Egyptians began voting on a draft for their country’s constitution Tuesday morning, a vote that is expected to give the judiciary expanded authority at a time when judges have been at the center of a crackdown on Islamists.
The referendum’s opening was marred by an explosion outside a courthouse in the Cairo suburb of Imbaba, a dense low-income neighborhood that was once a hotbed of Islamist politics during the 1990s. The attack, which tore the facade off the courthouse, didn’t result in any casualties, according to Egypt’s ministry of interior.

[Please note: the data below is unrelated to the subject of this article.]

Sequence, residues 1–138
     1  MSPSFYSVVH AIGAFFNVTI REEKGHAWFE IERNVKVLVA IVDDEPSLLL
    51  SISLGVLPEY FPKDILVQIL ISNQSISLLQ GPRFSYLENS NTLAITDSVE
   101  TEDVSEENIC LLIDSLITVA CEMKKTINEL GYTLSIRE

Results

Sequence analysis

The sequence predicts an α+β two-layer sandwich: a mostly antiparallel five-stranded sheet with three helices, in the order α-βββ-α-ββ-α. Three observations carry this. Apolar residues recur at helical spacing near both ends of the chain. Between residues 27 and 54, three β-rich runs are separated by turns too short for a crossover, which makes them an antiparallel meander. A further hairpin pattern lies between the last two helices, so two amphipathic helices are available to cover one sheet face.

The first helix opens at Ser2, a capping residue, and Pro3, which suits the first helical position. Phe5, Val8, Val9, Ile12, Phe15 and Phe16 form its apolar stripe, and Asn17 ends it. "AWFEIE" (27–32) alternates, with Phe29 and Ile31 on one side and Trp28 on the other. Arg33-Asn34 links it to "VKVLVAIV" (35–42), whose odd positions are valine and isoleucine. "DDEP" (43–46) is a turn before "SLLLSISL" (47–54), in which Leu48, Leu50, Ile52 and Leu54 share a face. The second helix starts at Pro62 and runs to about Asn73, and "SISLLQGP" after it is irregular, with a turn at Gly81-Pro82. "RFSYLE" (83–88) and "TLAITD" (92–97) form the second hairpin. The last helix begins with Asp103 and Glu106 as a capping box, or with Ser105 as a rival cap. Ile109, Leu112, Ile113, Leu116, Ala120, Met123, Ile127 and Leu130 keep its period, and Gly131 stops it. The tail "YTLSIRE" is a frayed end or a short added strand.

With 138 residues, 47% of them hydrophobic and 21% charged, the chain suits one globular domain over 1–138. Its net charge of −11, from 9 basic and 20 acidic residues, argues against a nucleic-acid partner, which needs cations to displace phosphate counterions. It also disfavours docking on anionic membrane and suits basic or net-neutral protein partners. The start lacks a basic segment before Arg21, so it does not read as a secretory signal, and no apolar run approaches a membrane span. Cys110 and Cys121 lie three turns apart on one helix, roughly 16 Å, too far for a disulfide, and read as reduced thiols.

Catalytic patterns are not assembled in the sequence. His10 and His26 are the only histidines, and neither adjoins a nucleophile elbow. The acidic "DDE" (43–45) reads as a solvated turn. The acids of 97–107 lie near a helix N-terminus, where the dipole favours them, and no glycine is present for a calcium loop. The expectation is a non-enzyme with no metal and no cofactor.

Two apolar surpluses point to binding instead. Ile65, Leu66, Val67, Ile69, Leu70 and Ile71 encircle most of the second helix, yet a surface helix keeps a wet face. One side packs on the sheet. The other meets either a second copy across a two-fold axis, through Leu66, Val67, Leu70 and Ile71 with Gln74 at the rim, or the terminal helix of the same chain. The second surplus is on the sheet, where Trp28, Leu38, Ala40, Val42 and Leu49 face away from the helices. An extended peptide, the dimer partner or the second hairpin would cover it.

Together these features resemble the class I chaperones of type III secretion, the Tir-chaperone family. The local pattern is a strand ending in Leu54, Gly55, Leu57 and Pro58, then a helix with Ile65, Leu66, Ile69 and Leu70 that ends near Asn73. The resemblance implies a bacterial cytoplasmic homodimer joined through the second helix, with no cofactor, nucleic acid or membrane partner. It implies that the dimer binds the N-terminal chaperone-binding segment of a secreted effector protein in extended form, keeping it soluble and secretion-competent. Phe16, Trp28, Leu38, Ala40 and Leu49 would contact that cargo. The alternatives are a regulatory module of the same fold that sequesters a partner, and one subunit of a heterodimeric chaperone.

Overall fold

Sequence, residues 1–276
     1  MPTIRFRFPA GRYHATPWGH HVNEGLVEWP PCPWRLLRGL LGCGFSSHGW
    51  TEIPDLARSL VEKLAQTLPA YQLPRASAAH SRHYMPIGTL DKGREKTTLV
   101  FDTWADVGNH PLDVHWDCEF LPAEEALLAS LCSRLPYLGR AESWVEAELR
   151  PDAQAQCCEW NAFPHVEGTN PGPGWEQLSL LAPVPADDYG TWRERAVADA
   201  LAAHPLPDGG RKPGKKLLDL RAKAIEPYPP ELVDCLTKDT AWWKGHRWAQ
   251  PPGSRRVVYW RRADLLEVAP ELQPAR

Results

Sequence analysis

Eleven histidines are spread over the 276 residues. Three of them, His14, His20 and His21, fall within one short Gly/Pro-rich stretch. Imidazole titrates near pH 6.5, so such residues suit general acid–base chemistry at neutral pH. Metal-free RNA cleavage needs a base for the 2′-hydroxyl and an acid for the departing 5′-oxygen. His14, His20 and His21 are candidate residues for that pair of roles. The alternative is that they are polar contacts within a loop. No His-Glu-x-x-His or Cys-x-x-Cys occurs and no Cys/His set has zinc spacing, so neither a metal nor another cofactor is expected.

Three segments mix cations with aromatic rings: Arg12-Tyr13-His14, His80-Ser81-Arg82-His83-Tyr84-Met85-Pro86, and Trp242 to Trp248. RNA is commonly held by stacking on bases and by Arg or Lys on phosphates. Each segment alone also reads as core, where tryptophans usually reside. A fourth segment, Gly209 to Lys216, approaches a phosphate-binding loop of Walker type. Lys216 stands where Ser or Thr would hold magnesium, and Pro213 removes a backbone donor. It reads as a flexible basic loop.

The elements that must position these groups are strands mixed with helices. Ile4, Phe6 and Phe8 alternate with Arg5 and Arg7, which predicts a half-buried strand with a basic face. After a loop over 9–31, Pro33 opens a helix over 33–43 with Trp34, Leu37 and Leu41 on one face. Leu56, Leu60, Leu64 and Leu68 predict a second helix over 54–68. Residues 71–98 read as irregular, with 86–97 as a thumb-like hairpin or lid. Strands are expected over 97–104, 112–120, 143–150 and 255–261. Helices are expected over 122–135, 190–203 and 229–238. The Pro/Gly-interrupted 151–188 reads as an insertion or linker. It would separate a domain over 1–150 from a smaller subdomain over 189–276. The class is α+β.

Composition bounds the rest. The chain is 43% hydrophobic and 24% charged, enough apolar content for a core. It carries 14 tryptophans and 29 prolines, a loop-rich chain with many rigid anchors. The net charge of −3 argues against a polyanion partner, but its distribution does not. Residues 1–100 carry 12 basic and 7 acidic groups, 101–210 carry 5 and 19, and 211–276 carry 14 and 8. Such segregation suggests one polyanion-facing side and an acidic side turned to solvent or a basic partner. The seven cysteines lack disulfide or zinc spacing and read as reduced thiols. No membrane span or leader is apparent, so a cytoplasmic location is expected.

Egypt’s Judges Stand to Gain
Egyptian officials have planned for a major rollout of 250,000 police and military personnel to protect the referendum, according to Egypt’s official state news media. Egypt has seen frequent paroxysms of deadly street-level riots and terrorist attacks on military and police installations since a popular military coup ousted former President Mohammed Morsi on July 3.
The government has billed a “yes” vote in the constitutional referendum, which is scheduled to end on Wednesday after two days of voting, as a stamp of approval for the military-backed government that assumed power after Mr. Morsi was deposed and detained.